This summer, dogs may be at an increased risk of contracting the H3N2 canine influenza virus being transmitted throughout the country at dog shows, so you may want to protect your pet with a vaccination against the disease.
At the beginning of June, the Michigan Department of Agriculture and Rural Development reported that there were six cases of the highly contagious respiratory disease that causes symptoms similar to human flu: coughing, runny nose and fever.
While humans cannot contract it, the dog flu can be potentially fatal to a dog if it leads to pneumonia or other complications.
The H3N2 flu was first detected in Illinois two years ago where it infected more than 1,000 dogs, and since that time the disease has spread to more than 30 states, most recently in May in Florida, Georgia, North Carolina, South Carolina, Texas, Kentucky, Tennessee, Missouri, Louisiana, and Illinois. Some of those outbreaks followed the movement of American Kennel Club dog shows.
Pet owners should consider getting vaccinations for their dogs, particularly if they intend to participate in shows being held in Michigan or other states during the summer, said Dr. Steve McBride, medical director for Cascade Hospital for Animals.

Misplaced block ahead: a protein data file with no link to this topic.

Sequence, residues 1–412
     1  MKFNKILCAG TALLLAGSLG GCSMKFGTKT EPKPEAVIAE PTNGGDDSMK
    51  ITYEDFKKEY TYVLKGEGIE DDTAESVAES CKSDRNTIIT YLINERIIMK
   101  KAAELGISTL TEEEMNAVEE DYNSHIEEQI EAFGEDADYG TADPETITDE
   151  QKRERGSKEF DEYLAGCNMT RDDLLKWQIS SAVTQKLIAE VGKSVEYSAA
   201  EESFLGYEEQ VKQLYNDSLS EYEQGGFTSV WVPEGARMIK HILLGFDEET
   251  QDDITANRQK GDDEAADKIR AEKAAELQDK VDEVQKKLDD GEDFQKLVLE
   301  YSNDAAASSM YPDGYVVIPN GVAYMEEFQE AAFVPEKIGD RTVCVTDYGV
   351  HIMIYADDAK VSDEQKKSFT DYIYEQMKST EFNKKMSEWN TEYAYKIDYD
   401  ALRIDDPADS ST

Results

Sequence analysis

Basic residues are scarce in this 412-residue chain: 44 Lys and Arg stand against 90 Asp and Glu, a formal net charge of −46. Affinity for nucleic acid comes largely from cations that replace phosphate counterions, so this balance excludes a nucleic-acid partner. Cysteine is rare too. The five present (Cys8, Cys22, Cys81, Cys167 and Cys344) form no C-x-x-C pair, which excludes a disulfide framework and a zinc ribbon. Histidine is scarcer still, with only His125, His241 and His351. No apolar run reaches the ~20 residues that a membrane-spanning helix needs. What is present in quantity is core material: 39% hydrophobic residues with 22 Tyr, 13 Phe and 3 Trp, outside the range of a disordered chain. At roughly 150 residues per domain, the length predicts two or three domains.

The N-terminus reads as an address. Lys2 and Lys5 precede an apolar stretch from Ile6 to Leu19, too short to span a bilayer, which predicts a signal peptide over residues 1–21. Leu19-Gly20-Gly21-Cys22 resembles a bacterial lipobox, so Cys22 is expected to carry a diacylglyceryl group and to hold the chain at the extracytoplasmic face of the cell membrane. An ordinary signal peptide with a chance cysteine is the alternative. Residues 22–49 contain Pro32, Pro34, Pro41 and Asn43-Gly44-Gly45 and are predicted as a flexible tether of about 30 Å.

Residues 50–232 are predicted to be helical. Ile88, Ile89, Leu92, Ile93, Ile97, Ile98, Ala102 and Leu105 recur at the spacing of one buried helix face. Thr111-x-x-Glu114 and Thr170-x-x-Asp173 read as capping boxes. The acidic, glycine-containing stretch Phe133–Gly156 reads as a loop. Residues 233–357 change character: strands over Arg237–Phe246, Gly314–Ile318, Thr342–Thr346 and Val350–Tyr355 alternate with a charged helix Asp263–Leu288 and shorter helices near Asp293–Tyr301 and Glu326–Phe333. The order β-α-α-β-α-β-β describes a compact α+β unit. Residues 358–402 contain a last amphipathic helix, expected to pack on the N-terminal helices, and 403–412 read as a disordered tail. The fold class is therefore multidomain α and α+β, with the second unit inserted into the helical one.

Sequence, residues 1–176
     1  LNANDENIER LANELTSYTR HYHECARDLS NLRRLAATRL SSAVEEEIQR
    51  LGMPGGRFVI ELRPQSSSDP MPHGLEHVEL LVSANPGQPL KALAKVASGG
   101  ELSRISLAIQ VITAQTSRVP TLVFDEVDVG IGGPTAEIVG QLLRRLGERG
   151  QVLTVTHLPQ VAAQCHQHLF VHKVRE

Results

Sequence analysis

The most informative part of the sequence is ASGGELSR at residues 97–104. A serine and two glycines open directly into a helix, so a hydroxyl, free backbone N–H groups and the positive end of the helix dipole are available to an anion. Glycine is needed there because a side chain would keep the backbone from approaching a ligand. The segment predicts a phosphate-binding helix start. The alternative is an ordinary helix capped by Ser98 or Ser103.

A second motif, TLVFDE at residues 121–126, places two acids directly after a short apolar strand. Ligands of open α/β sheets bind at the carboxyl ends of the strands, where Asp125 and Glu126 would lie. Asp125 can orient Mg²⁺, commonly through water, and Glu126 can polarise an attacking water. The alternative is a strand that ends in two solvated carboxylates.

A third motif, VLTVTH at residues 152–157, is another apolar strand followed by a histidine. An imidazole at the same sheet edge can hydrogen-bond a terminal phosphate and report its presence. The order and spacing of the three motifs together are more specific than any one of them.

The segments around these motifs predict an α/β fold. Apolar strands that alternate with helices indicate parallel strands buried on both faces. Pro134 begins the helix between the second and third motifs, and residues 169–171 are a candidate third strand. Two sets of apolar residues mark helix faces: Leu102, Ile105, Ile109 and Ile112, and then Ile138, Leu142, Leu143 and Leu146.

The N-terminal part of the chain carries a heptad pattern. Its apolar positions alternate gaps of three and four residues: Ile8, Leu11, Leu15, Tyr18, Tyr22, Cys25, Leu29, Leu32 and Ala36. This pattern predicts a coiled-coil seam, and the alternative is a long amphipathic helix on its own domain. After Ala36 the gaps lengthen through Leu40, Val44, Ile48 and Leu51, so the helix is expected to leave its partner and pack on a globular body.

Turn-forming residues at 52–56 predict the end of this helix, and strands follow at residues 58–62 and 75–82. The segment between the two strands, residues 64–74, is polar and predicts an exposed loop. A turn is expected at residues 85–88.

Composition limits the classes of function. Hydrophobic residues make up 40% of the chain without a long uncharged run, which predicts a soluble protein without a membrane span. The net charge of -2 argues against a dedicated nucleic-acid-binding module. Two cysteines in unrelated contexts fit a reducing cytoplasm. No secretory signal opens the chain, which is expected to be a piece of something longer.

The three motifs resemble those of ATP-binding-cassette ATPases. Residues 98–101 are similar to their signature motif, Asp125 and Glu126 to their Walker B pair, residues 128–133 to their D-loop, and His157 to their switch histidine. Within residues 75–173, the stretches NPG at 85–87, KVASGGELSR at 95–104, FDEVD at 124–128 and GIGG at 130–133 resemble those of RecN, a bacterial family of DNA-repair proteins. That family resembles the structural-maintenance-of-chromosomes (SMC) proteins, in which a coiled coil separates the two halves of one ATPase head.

H3N2 canine influenza is considered a reportable disease in Michigan, so veterinarians and diagnostic labs must notify the agriculture department if they suspect an incident or determine a positive test for the illness. Of the six cases reported as of June 8, none were reported from Kent County and none were associated with AKC shows. Three of the cases were in Oakland County, two were in St. Joseph County and one was in Wayne County.
Infected dogs can transmit the disease through coughing, barking and sneezing. The virus also can be spread by people who have had contact with infected dogs, at kennels, and through shared objects such as food and water bowls, collars and leashes. People can protect against spreading the flu by washing their hands, cleaning their clothing and disinfecting objects that have been in contact with an infected dog.
Some dogs may shed the virus without showing signs of the disease, while others may show symptoms sometime between 2 and 8 days after infection. For more information on the illness, refer to this link: H3N2 flu.
To learn more about preventative measures or to schedule a vaccination, call us at (616) 949-0960 or visit our website at Patient Portal.